DC closes in on state-run sports betting

Bill progresses to second hearing after multi-operator amendment is rejected


Washington, D.C. is a step closer to launching regulated sports betting via the state lottery after lawmakers voted to progress a bill to a second reading, and rejected an amendment to open the market to private operators.

The Council of the District of Columbia voted 10-2 in favour of putting forward the Sports Wagering Lottery Amendment Act for a decisive final reading on December 18. A secondary amendment put forward by council member Charles Allen to remove RFK Stadium from the list of five sports venues lined up to have sportsbooks on-site was accepted by a 7-5 majority.

However, council member Robert White’s primary amendment to allow five operator licences to be awarded – including one for a joint venture that would be majority-owned by a local business, known in the state as a Certified Business Enterprise (CBE) – was rejected by the same margin. White’s amendment also called for at least 35% of net profits from sports wagering to be ploughed back into CBEs.

Council member Jack Evans (pictured), who introduced the act, pointed to financial projections by the district’s chief financial officer, Jeffrey DeWitt, that awarding five licences would reduce the state’s estimated revenue by $57.9m (£45.3m/€51m) over the four-year period from 2019 to 2022.

DeWitt estimated that a multiple-operator approach would yield $34.3m over the period, in comparison with $92.2m through the single-operator approach that would likely see DC Lottery supported by current partner Intralot, which has a contract that runs until March 2020.

Evans’ view that it would also be more challenging to evolve from a single- to multi-operator model in the future, rather than vice-versa, also appeared to receive the support of several council members.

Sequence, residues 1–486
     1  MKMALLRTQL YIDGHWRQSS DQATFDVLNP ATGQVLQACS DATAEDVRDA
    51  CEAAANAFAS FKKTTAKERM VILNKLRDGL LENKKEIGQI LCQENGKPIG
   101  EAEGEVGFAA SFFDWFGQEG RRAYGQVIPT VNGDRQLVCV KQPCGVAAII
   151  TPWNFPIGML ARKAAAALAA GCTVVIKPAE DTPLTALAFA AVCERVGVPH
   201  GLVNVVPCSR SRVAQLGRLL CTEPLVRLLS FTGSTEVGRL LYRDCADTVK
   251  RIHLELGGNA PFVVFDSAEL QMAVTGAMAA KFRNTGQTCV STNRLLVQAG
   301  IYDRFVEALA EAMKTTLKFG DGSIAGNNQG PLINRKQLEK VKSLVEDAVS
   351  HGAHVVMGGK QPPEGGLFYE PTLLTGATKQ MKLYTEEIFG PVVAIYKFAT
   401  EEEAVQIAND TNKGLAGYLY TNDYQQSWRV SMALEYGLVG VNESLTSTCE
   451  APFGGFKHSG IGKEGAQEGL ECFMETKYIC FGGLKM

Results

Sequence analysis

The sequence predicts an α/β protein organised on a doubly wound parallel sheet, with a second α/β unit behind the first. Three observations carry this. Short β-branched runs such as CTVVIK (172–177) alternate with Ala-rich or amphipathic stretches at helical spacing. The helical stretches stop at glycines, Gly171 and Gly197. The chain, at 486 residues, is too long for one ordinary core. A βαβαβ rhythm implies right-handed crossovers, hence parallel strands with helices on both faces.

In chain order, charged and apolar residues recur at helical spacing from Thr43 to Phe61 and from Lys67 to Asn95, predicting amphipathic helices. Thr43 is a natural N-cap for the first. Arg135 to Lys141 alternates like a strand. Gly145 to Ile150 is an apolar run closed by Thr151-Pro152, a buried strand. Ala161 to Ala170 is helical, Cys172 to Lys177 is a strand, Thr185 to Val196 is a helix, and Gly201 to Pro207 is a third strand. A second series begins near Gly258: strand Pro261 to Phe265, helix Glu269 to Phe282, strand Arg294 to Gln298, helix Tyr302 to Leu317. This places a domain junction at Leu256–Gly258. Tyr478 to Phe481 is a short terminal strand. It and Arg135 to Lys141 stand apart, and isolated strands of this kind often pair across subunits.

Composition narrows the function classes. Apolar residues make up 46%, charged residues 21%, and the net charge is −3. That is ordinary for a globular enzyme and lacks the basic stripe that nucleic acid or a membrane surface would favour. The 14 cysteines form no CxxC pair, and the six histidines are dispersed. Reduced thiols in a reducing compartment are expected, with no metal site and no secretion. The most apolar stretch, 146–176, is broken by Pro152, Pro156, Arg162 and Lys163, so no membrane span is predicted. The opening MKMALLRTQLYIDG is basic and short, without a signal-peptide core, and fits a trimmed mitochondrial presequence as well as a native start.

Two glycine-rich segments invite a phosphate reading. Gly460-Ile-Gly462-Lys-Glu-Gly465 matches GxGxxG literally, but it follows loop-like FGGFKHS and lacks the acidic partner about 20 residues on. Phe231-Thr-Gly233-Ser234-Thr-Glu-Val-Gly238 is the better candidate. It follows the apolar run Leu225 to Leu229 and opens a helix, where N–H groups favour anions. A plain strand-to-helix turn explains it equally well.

“With this bill, we'll give the single app a try and we'll pivot to the multiple app if we have to,” Evans said. “What we can't do is start off with multiple apps and pivot back to the single app.”

Evans acknowledged that White had put forward a “fine” amendment and stressed to his colleagues that the issues that had been raised by White would be revisited at the second hearing, “when we have more information and we know where sentiments lie”.

It also emerged during the reading that council member Kenyan McDuffie, the only absentee, will present a separate amendment that will “address CBE participation” in sports wagering in two weeks’ time.

However, White questioned the state’s financial projections, adding that an independent study had found that “significantly more” revenue would be generated by licensing multiple operators.

“The licences won't be awarded in perpetuity and they will always have a backstop," White said.

“Private market competition is going to get us further […] but without this amendment, I believe Maryland and Virginia will jump ahead of us with more robust, mature and participatory markets, and we're going to lose the time advantage.”

Back in September, Evans acknowledged that the state “should act before neighbouring jurisdictions” by joining the cluster of nearby states, such as Delaware, New Jersey and West Virginia, which already offer sports betting.

However, Allen’s amendment to strike RFK Stadium from the list of sports venues to offer a sportsbook did win sufficient support at the reading.

Allen described RFK Stadium, which is no longer home to any major sports team in the state, as a “rusting, empty shell”.

He added that, with youth soccer pitches and a go-cart track on site, it is “not an appropriate place” to offer bricks-and-mortar sports betting.

The removal of RFK Stadium leaves four other sports venues on the list for on-site sportsbooks: Capital One Arena, FedEx Field, Audi Field and Nationals Park. Between 40 and 60 other premises that currently offer lottery products – between 10% and 15% of the current total – are expected to stump up the $5,000 fee required to offer sports betting, Evans added.

Last week, Evans’ suggestion of adding what he described as a "royalty fee" of 0.25% of revenue to appease the major sports leagues was rejected by his fellow council members before the bill was ratified to proceed to the initial hearing.